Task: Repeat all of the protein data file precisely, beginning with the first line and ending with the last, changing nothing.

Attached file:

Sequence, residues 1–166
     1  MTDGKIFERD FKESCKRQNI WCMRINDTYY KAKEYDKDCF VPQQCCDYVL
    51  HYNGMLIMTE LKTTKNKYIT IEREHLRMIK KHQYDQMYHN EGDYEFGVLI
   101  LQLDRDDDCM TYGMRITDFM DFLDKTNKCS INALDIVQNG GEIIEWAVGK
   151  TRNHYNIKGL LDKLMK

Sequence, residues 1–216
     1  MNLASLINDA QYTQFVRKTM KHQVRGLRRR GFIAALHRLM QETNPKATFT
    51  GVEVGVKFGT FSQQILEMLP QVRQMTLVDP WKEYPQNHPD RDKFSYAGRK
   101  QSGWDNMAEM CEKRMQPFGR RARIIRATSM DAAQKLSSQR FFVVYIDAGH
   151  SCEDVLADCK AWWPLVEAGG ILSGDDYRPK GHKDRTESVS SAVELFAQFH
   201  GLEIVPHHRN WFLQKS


Sequence, residues 1–166
     1  MTDGKIFERD FKESCKRQNI WCMRINDTYY KAKEYDKDCF VPQQCCDYVL
    51  HYNGMLIMTE LKTTKNKYIT IEREHLRMIK KHQYDQMYHN EGDYEFGVLI
   101  LQLDRDDDCM TYGMRITDFM DFLDKTNKCS INALDIVQNG GEIIEWAVGK
   151  TRNHYNIKGL LDKLMK

Sequence, residues 1–216
     1  MNLASLINDA QYTQFVRKTM KHQVRGLRRR GFIAALHRLM QETNPKATFT
    51  GVEVGVKFGT FSQQILEMLP QVRQMTLVDP WKEYPQNHPD RDKFSYAGRK
   101  QSGWDNMAEM CEKRMQPFGR RARIIRATSM DAAQKLSSQR FFVVYIDAGH
   151  SCEDVLADCK AWWPLVEAGG ILSGDDYRPK GHKDRTESVS SAVELFAQFH
   201  GLEIVPHHRN WFLQKS